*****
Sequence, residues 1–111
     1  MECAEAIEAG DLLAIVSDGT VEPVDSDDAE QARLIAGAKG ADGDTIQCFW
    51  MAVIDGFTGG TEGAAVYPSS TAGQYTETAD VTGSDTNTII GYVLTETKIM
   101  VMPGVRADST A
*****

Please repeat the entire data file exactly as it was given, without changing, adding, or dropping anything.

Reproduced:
Sequence, residues 1–111
     1  MECAEAIEAG DLLAIVSDGT VEPVDSDDAE QARLIAGAKG ADGDTIQCFW
    51  MAVIDGFTGG TEGAAVYPSS TAGQYTETAD VTGSDTNTII GYVLTETKIM
   101  VMPGVRADST A